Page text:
Instead of focusing on anti-inversion legislation, President Barack Obama should keep his promise to reform the corporate tax code, Americans for Tax Reform founder Grover Norquist told CNBC on Friday.
"It's the president's fault that he has done nothing, nothing, nothing, nothing in five years to reduce corporate rates, which he has said he was going to do but he hasn't," Norquist said on "Squawk Box."
In an interview with CNBC on Thursday, Obama made his case for putting hurdles up to deter inversions—an increasingly popular way for U.S. companies to lower their tax rates by acquiring foreign rivals and moving their tax domiciles overseas.
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But will this push on inversions be the catalyst for corporate tax reform? Obama told CNBC he stands ready to work on a broader rate overhaul for companies.
"The administration kind of missed the fact that his trend was developing," Peter Orszag, Obama's former budget director, told CNBC on Friday.
Orszag said he's not optimistic about a quick solution to corporate tax reform, because all the constituencies have different ideas about what shape an overhaul should take.
Norquist said the president and the Democrats are holding corporate rate reform hostage. "They will only do corporate tax reform if it's a trillion dollar tax increase."
Two years ago, the White House proposed eliminating tax loopholes and lowering the corporate tax rate from 35 percent to 28 percent. It had also sought to reduce provisions that allow companies to shift income and investment outside the U.S., while giving tax credits to American companies to bring operations back.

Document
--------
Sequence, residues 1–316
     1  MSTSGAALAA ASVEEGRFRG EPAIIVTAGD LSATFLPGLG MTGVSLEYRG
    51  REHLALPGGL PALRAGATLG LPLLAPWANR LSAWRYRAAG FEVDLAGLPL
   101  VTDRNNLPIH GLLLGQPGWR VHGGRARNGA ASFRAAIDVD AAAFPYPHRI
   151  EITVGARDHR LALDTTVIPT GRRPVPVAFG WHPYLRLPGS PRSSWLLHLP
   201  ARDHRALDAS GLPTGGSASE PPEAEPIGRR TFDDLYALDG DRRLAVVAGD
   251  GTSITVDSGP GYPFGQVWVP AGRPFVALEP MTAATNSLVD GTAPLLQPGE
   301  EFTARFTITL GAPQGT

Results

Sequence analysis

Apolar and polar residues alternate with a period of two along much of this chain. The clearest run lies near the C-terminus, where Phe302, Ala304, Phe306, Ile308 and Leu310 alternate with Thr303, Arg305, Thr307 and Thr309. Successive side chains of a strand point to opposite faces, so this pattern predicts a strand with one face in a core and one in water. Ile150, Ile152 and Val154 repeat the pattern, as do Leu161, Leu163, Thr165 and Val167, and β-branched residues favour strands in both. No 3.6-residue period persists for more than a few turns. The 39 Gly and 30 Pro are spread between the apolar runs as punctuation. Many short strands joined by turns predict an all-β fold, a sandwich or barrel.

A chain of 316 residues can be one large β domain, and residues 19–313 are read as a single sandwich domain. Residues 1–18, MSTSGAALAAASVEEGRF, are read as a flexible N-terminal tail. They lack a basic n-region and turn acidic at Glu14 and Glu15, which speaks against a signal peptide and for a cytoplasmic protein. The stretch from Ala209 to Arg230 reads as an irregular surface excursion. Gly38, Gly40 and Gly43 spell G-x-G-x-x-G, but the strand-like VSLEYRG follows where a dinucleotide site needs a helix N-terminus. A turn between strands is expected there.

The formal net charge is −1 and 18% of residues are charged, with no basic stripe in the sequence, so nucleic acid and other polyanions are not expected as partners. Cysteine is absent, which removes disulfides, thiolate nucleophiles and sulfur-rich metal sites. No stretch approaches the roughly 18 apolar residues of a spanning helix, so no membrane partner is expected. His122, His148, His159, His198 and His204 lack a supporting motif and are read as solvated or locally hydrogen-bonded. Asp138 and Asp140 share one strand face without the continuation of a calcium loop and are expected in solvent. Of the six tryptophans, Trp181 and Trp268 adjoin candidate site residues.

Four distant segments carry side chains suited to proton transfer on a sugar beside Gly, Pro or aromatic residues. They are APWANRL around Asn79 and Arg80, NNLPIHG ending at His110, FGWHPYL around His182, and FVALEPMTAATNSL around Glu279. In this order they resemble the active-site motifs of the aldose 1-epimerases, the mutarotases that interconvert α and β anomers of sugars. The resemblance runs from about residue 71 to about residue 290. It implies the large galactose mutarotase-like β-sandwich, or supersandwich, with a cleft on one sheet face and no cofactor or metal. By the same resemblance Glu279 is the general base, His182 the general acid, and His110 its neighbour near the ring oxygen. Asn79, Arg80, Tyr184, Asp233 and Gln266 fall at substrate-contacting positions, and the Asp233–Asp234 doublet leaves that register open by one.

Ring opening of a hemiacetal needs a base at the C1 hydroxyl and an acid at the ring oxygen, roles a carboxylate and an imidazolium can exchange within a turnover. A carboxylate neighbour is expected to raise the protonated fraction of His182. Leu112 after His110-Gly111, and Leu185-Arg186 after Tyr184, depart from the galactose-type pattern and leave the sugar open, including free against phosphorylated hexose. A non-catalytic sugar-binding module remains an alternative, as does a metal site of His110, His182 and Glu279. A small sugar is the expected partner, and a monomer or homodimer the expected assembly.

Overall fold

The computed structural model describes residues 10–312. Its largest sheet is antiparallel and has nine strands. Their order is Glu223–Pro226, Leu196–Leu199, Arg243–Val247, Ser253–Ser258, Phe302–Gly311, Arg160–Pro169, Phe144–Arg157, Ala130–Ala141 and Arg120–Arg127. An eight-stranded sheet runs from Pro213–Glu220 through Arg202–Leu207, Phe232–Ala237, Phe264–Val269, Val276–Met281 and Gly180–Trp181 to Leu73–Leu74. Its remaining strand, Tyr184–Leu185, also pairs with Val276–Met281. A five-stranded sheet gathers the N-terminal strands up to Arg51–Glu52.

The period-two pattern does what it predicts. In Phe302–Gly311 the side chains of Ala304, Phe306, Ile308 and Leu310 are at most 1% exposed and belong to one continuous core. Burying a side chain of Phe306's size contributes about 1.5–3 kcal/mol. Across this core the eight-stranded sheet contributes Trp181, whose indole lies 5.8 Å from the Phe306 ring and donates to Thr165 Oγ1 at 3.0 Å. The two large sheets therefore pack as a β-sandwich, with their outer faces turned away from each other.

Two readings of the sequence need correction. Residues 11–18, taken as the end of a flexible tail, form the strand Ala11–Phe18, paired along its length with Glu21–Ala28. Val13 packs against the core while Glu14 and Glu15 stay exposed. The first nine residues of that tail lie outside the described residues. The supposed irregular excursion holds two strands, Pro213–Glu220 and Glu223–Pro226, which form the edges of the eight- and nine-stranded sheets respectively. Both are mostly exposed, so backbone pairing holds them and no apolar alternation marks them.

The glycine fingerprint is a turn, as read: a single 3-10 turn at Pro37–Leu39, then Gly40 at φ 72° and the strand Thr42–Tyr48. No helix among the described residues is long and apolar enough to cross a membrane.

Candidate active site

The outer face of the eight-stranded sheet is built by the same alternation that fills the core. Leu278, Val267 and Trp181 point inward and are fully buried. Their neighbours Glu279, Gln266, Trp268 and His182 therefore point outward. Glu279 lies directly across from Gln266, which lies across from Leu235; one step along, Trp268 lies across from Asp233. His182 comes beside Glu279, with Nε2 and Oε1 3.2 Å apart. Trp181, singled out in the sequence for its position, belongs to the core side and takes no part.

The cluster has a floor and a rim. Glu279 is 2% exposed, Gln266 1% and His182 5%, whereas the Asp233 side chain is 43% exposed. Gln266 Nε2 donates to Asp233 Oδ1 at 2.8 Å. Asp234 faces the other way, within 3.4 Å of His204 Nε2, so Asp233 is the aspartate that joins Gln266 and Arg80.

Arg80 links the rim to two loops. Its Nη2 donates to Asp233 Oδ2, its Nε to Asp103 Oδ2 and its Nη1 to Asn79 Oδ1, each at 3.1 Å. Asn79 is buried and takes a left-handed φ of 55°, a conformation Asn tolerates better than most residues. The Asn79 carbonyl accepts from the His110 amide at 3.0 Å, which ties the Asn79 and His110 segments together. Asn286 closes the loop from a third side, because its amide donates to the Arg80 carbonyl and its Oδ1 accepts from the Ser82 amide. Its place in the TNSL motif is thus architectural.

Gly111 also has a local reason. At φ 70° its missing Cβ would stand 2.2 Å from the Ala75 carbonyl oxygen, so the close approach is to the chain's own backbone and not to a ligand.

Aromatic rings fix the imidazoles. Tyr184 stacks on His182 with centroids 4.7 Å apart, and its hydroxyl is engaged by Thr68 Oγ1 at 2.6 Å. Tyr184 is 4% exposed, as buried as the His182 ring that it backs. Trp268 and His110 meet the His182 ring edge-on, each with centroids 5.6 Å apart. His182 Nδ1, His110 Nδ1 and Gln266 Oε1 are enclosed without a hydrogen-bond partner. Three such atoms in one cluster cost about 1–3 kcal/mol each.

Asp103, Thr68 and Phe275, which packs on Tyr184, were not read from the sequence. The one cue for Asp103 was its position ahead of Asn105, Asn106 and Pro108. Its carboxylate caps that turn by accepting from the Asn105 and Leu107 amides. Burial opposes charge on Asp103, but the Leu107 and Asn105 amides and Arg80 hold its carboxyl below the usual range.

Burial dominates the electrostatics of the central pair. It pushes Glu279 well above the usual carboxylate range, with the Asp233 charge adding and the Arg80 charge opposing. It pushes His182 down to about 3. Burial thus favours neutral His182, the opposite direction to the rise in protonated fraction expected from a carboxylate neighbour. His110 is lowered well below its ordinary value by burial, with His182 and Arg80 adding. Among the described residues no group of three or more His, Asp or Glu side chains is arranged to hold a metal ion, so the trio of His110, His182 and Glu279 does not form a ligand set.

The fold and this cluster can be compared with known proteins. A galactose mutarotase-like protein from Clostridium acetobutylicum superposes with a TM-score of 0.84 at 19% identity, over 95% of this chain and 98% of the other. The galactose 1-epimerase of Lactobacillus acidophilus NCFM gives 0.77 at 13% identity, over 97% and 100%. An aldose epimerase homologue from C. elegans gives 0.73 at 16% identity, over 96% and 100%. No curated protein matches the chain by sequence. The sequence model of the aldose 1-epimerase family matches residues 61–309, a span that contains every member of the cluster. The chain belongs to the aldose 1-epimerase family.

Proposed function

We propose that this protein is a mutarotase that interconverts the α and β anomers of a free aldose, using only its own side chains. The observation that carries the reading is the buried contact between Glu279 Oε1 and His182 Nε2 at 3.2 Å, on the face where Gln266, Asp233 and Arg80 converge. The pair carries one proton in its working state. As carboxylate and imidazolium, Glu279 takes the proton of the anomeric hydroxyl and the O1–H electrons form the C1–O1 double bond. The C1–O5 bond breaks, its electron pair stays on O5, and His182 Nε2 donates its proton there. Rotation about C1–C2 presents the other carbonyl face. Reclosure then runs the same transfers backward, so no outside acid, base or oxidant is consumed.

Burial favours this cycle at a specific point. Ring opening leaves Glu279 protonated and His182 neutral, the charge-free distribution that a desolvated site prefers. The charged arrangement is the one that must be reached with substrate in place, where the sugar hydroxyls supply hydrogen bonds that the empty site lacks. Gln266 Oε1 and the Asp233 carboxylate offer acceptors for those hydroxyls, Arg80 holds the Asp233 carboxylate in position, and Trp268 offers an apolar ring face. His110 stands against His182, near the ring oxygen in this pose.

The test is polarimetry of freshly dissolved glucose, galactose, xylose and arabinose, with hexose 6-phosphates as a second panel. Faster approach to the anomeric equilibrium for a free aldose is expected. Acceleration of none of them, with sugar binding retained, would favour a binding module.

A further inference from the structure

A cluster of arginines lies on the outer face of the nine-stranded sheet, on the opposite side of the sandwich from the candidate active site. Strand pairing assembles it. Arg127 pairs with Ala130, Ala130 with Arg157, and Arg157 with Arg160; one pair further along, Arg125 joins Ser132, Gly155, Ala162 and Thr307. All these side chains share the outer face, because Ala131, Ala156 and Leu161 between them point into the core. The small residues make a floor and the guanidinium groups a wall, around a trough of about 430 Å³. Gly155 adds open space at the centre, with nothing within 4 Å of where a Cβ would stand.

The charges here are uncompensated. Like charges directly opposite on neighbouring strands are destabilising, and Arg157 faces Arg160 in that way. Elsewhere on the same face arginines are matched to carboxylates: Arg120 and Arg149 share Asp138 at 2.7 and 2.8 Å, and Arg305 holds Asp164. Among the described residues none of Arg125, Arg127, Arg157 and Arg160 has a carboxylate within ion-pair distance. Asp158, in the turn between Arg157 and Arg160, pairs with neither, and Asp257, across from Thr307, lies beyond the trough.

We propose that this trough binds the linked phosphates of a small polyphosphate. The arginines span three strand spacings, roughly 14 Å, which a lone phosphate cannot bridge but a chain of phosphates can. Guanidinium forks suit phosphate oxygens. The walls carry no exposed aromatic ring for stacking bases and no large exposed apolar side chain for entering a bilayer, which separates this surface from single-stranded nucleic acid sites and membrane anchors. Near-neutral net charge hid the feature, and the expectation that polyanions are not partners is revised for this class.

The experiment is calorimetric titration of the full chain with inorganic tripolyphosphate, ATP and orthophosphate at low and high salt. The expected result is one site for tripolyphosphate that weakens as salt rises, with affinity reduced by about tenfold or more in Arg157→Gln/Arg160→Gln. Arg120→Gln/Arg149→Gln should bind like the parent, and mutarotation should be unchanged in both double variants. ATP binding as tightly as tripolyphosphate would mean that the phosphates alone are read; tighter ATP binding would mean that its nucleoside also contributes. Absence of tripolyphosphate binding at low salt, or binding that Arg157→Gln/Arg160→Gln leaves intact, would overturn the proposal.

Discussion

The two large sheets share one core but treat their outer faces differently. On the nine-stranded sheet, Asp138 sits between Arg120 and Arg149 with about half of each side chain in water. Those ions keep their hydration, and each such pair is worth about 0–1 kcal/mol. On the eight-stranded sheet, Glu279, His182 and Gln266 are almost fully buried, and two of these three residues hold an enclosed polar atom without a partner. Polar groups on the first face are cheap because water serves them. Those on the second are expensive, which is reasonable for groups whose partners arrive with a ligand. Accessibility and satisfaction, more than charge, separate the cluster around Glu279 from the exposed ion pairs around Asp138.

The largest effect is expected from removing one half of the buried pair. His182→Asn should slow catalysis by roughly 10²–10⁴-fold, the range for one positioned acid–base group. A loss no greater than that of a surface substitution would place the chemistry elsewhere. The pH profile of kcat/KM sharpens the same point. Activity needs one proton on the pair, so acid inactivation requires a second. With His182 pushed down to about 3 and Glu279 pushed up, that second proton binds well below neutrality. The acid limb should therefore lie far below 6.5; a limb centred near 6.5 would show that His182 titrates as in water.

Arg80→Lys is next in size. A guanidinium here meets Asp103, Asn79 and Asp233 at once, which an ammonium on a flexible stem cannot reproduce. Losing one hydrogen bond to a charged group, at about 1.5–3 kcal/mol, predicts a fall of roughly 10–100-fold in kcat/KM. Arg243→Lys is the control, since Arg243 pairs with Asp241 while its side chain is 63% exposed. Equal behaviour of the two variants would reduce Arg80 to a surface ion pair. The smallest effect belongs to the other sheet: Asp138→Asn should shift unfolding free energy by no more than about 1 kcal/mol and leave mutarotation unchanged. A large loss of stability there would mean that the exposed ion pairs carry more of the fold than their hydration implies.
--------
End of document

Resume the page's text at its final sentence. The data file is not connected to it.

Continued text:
The marginal corporate tax rates in Ireland is 12.5 percent, while Britain's is 21 percent. Both are much lower than the U.S., according to KPMG. Few American companies pay the full 35 percent rate because of loopholes, but it's still generally much higher.
"I think the system that makes the most sense is basically what states governments in the United States have done to tax corporations. They've been struggling with the same mobile capital constraints that nations now face," Orszag said in a separate "Squawk Box" interview.
"The thing that's hardest for companies to manipulate is where their sales occur," he continued. "So therefore, if 'X' percent of global sales are in the United States, 'X' percent of your global profits should be taxed in the United States regardless of where you're headquartered. Period."
Pfizer's attempt to buy its U.K. rival AstraZeneca drew the attention and the ire of Washington about these inversion deals, which have largely been in the pharmaceutical and medical industries. Pfizer eventually dropped its bid, which was forced into the open in April.
—By CNBC's Matthew J. Belvedere